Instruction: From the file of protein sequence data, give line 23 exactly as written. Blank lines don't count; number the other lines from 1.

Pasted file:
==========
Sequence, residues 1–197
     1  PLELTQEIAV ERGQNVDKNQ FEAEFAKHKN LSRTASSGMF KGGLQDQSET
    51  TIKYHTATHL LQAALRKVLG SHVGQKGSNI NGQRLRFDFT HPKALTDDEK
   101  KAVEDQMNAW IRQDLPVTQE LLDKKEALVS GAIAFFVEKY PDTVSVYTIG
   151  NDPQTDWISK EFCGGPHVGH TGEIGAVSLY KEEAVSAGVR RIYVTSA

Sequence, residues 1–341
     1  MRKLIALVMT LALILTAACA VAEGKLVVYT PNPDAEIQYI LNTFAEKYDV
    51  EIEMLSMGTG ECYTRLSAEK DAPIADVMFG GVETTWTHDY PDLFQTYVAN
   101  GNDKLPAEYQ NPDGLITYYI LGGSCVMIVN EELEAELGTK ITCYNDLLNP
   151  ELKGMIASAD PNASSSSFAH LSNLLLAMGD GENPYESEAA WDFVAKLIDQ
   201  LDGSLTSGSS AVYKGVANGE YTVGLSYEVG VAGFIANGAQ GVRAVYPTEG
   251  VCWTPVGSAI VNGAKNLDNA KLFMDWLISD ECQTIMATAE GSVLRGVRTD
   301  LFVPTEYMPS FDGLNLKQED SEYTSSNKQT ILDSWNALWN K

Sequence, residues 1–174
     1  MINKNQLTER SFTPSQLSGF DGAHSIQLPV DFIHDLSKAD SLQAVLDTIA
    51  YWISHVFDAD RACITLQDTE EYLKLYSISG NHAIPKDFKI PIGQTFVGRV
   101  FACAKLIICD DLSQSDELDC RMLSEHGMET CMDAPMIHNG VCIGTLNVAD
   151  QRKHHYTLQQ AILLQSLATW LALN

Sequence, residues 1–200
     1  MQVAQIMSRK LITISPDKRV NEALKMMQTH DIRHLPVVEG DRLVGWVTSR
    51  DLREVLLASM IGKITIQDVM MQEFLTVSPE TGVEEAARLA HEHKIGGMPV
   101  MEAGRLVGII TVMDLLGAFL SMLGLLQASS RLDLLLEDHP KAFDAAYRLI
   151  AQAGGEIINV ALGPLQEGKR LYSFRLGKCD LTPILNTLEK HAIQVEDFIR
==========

   151  AQAGGEIINV ALGPLQEGKR LYSFRLGKCD LTPILNTLEK HAIQVEDFIR